The value of values-based supply chains: farmer perspective

Hikaru Hanawa Peterson, Gail Feenstra, Marcia Ostrom, Keiko Tanaka, Christy Anderson Brekken, Gwenael Engelskirchen

Research output: Contribution to journalArticlepeer-review

1 Scopus citations

Abstract

In the last few decades, the emergence of mid-scale, intermediated marketing channels that fall between commodity and direct markets has attracted growing interest from scholars for their potential to preserve small and mid-sized farms while scaling up alternative agrifood sourcing. When such mid-scale supply chains are formed among multiple business partners with shared ethics or values related to the qualities of the food and the business relationships along the supply chain, they may be termed “values-based supply chains (VBSCs).” Most of the research on VBSCs to date has relied primarily on a case study approach that investigates the performance of VBSCs from the perspective of VBSC founders or leaders. In contrast, this research seeks out the perspectives of farmers who participate in VBSCs. A nationwide farmer survey conducted in 2017 offers original insights on farmer motivations for participating in VBSCs and how they are being used by farmers relative to other marketing channels. We find that VBSCs serve farms of all sizes. Overall, smaller farms were more likely to market a higher percentage of overall sales through their VBSC and more likely to rank their VBSC as one of the top three marketing channels in their portfolio. But it was the larger farms that were more likely to perceive VBSC-specific benefits. Our findings confirm that while there is a limited volume of product that such regional supply chains can currently handle, farmers view VBSCs as a valuable marketing option that aligns with their own values and preserves their product’s identity.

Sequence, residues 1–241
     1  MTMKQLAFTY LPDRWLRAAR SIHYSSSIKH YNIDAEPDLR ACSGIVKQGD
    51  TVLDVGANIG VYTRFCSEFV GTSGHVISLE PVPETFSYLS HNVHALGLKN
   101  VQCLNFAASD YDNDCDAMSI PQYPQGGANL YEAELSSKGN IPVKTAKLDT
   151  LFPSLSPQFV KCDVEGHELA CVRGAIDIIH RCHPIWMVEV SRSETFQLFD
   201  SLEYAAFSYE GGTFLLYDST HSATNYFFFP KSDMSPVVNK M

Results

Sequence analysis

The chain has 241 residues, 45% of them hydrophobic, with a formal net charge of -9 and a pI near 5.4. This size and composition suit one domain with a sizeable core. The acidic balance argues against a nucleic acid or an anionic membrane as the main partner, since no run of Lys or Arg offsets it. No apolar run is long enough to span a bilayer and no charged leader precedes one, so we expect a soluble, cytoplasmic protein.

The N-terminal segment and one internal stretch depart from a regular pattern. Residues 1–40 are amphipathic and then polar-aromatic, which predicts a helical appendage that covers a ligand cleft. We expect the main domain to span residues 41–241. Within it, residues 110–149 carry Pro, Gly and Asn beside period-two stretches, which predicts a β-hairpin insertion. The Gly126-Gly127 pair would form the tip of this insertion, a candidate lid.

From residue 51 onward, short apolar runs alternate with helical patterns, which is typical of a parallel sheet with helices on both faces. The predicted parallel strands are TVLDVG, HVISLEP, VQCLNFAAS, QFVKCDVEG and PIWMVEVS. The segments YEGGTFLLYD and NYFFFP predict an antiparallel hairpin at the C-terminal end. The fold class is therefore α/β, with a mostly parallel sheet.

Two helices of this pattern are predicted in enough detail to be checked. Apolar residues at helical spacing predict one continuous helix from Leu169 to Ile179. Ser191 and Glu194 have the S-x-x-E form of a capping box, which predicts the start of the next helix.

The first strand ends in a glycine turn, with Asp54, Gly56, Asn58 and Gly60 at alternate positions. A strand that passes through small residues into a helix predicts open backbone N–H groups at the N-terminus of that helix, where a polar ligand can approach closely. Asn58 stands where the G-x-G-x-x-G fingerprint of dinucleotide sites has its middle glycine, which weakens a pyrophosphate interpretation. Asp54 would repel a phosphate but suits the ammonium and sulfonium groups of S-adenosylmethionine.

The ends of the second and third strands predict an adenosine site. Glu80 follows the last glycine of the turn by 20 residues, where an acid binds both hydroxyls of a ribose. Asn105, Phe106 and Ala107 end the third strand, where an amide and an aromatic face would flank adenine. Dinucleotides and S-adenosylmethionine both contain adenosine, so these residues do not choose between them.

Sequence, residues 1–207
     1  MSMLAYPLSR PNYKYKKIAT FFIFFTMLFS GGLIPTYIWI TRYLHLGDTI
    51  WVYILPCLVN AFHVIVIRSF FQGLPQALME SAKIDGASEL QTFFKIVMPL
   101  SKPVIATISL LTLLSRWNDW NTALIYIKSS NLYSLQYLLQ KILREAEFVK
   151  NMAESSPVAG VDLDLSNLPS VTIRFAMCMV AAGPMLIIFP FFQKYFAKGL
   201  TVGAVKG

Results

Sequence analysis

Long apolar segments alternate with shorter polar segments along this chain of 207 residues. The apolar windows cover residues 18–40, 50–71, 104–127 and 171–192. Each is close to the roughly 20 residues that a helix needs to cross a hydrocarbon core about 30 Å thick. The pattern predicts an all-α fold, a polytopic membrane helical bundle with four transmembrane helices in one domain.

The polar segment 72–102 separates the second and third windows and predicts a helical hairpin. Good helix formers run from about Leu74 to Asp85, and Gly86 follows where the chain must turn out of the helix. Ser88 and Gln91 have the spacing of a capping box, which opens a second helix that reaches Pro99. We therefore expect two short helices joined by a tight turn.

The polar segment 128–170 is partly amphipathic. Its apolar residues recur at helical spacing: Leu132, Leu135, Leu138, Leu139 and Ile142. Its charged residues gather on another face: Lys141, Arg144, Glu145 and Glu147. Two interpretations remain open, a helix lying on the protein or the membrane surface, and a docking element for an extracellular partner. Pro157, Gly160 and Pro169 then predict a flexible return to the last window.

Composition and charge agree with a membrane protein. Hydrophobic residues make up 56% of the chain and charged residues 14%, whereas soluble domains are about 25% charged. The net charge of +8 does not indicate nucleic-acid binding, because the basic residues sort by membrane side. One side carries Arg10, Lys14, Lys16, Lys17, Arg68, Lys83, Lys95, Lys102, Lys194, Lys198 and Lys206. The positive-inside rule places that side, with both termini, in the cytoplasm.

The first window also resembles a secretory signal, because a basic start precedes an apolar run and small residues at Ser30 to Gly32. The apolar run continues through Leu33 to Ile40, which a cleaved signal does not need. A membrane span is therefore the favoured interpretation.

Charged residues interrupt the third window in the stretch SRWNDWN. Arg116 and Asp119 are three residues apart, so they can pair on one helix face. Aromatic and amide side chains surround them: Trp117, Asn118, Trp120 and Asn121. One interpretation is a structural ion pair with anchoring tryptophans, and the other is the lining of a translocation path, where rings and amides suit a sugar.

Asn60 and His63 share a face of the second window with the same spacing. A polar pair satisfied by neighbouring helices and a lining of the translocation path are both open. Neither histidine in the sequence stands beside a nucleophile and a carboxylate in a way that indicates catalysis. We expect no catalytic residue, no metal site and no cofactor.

Original languageEnglish
Pages (from-to)385-403
Number of pages19
JournalAgriculture and Human Values
Volume39
Issue number1
DOIs
StatePublished - Mar 2022

Bibliographical note

Funding Information:
Agriculture and Food Research Initiative of the National Institute of Food and Agriculture, U.S. Department of Agriculture, Grant No. 2015-68006-25646.

Funding Information:
This research was supported by the Agriculture and Food Research Initiative of the National Institute of Food and Agriculture (NIFA), U.S. Department of Agriculture, Grant No. 2015-68006-25646. We express our deepest gratitude to the farmers who returned surveys, the VBSC leaders who shared their farmer lists, and the project advisers, whose input made this work possible. We would also like to thank our funders and colleagues from the USDA NIFA multistate research group NC 1198: Renewing an Agriculture of the Middle: Value Chain Design, Policy Approaches, Environment, and Social Impacts, whose ongoing efforts and comradery inspire and inform the research.

Funding Information:
This research was supported by the Agriculture and Food Research Initiative of the National Institute of Food and Agriculture (NIFA), U.S. Department of Agriculture, Grant No. 2015-68006-25646. We express our deepest gratitude to the farmers who returned surveys, the VBSC leaders who shared their farmer lists, and the project advisers, whose input made this work possible. We would also like to thank our funders and colleagues from the USDA NIFA multistate research group NC 1198: Renewing an Agriculture of the Middle: Value Chain Design, Policy Approaches, Environment, and Social Impacts, whose ongoing efforts and comradery inspire and inform the research.

Publisher Copyright:
© 2021, The Author(s).

Keywords

  • Agriculture of the middle
  • Alternative food systems
  • Identity preserved foods
  • Intermediated markets
  • Regional food systems
  • Small and mid-sized farms
  • Values-based supply chains

ASJC Scopus subject areas

  • Agronomy and Crop Science

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